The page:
Father Basil Gunnerman[36] in a leaflet intended to be used with couples contemplating marriage says:

When you administer to each other the holy Sacrament of Matrimony,

that is, give and accept each other in marriage, before the priest, a fountain

of grace springs forth at the throne of the Most Blessed Trinity to flow over your married life.

This means of course that the sacrament is not administered by the priest but by each of the partners involved. Gunnerman describes the ceremony as a consecration of a couple’s love. He goes on to remind them of the various duties associated with the married state quoting passages such as Joshua 24: 15 “As for me and my household, we will serve the Lord.” This is an especially important point to emphasize when one partner in a marriage is lacking in faith. His second point is the need for prayer and he then goes on to remind the pair of the importance of attending mass regularly. There follows other Christian duties. Only then does Father Gunnerman begin to discuss their duties to each other, so we see where the church places its priorities.

We see that the concept of marriage as being a sacrament affects much of daily life for members of both Latin Catholic and the Orthodox churches and how on occasions this can be a problem. For instance when one or other partner wishes to dissolve a marriage, or when a non-Catholic partner finds it difficult to deal with the religious requirements of their partner. This means that there are pressures on the churches” view of marriage in modern society e.g. the ease of modern civil marriage and divorce, the view that life is for pleasure and modern expectations, the easy availability of contraceptives and a general distrust of authoritarianism. Archimandrite Aimilianos of Simonopetra, goes as far as stating that that “the aim of contemporary worldly and institutional upheavals is precisely to crush the most honorable and sacred mystery of marriage”.[37]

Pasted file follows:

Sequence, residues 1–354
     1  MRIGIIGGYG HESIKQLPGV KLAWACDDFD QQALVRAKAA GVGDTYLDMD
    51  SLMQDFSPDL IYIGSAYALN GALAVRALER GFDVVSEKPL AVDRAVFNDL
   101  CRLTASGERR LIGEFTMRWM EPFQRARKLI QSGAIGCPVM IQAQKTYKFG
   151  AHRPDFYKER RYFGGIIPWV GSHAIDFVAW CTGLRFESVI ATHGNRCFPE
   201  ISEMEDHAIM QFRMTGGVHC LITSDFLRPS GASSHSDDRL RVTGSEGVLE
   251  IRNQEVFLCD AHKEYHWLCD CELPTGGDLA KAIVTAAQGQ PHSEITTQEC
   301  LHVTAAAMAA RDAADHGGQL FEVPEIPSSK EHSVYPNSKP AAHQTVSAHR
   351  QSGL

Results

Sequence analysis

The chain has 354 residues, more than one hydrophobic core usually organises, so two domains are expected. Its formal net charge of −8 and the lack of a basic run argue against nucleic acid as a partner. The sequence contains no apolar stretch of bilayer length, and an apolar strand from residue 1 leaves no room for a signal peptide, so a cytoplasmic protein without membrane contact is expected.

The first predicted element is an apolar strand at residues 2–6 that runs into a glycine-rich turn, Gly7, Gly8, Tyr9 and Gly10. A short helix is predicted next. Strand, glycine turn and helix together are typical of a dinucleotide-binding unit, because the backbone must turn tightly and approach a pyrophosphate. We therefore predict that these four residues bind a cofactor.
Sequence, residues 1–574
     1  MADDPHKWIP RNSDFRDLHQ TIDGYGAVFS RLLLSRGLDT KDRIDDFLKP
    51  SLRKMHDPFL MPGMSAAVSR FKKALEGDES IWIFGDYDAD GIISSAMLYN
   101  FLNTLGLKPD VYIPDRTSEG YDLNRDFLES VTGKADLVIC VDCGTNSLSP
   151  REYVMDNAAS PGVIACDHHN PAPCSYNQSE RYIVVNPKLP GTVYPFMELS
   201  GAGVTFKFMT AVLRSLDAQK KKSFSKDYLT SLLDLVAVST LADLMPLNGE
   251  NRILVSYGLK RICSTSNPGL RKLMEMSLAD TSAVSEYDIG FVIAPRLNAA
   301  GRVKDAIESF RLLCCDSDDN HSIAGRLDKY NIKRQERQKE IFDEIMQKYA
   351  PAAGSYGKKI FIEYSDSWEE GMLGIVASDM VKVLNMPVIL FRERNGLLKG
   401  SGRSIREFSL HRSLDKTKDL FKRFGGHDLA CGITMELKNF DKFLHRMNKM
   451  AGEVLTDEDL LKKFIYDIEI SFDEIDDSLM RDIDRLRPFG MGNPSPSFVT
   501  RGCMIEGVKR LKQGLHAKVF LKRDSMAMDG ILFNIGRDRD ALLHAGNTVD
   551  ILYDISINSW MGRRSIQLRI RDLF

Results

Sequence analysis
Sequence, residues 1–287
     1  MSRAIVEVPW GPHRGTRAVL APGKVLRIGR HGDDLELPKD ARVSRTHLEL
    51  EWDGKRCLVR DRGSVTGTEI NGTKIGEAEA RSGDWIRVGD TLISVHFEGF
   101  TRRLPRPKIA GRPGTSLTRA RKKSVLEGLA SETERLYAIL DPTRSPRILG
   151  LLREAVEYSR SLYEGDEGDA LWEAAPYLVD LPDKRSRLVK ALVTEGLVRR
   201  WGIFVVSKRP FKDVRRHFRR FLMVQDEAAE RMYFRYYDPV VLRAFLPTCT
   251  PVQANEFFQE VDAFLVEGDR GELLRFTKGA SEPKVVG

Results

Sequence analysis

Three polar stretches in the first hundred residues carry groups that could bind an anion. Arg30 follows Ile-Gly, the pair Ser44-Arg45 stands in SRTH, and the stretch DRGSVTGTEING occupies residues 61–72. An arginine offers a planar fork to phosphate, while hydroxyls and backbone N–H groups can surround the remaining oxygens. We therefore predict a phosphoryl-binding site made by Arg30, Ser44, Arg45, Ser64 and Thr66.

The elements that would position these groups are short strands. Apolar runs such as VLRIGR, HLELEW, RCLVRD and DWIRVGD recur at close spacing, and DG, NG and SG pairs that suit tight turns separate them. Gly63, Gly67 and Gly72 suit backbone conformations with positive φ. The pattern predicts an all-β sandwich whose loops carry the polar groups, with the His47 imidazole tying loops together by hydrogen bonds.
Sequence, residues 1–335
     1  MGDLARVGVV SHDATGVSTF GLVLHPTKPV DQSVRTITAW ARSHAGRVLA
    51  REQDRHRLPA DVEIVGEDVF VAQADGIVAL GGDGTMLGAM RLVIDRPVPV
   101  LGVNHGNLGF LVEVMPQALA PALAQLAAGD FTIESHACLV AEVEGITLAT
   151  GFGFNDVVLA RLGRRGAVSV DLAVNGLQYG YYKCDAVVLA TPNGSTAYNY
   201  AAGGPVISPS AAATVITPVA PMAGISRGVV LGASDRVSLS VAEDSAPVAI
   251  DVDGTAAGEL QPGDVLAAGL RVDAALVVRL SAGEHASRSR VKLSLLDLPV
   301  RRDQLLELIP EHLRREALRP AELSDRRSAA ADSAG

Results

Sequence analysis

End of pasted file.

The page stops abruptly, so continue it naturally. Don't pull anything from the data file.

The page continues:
The Orthodox describes its ceremonies as services full with symbols that reflect marriage such as love, mutual respect, equality and sacrifice. There are two ceremonies involved – the betrothal and the sacrament of marriage, these two having become merged in the Western church. The Orthodox starts off with the bride and groom simply standing at the church entrance and the priest and deacon then go to them and lead them into the heart of the church. After prayers to God and for the country’s leaders there is a prayer that the couple will have children. There later comes a prayer that as Isaac and Rebecca  were blessed so those being betrothed should share in similar blessings and asks for God’s guidance in their lives. Every part of the ceremony is repeated three times as a reminder of the Triune God. The ceremonies begin with candles, which symbolize the couple’s agreement to accept the presence of Christ in their marriage. Rings are placed on the right hands as Christ sits on the right hand of God. The rings are exchanged 3 times to signify the interaction between the two and that when one is weak this will be compensated for by the strength flowing from the other, and the failings of the one by the perfections of the other. During the actual wedding ceremony crowns are used as signs of the glory that God gives them through the sacrament of marriage. Another interpretation is that the crowns represent the crowns of the martyrs as marriage involves sacrifice of self one for the other. “The common cup” follows the readings from the scriptures. This is a reminder of Christ’s blessing the wedding of Cana. It is called the common cup because it represents the shared experiences of life and are a symbol of a life lived in harmony and reminds the  pair that they will from now on share fully together. A ceremonial walk then takes place in which the priest leads the couple, and so represents the way in which their lives must follow the lead of Christ and his church. They walk around the cross and the gospels, which is defined as a perfect orbit around Christ as the center of life. During this walk a hymn to the martyrs is sung as symbolic of sacrificial love. The priest separates their hands as a way of emphasizing that only God can separate them in future. Even the wedding favors are symbolic – sugared almonds. The egg shapes represent fertility, the hardness stands for endurance and the sweetness represents the future blessings of their life together, but of course almonds also contain a trace of bitterness. According to the Orthodox Web [38] the  purpose of the Orthodox Church is, of course, to bring people ever nearer to The Savior. The sacraments are a major way in which it does this. It sees Roman Catholicism as a medieval modification of the original Orthodoxy of the Church in Western Europe, but although there seem to be many differences there are even more similarities.